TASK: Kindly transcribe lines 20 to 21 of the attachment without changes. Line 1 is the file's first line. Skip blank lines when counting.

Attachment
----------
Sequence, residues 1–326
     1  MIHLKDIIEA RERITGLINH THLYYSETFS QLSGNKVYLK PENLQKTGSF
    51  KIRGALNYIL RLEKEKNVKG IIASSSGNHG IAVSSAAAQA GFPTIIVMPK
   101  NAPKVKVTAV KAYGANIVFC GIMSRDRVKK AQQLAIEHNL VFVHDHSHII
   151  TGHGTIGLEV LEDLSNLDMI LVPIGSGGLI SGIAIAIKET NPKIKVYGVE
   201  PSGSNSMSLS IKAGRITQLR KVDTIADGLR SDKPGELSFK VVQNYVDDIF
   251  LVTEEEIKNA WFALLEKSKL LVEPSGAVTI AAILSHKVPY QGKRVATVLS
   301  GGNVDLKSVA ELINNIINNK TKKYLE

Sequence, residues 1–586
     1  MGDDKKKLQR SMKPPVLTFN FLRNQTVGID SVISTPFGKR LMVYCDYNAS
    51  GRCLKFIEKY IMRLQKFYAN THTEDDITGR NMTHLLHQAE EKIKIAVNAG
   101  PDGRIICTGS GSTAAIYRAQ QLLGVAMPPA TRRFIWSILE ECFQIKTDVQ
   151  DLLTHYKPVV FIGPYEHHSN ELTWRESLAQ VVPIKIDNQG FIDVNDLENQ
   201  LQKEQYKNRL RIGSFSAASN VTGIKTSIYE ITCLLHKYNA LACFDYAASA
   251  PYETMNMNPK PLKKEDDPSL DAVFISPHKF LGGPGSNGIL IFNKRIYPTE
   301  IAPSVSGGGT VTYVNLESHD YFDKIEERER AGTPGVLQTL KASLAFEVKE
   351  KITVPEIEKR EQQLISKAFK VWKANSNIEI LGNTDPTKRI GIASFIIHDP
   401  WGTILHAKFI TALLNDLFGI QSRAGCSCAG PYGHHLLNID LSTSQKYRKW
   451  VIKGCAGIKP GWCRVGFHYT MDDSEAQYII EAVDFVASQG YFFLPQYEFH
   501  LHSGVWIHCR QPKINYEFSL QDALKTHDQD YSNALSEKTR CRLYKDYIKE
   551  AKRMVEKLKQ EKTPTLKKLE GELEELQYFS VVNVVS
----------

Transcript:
   501  LHSGVWIHCR QPKINYEFSL QDALKTHDQD YSNALSEKTR CRLYKDYIKE
   551  AKRMVEKLKQ EKTPTLKKLE GELEELQYFS VVNVVS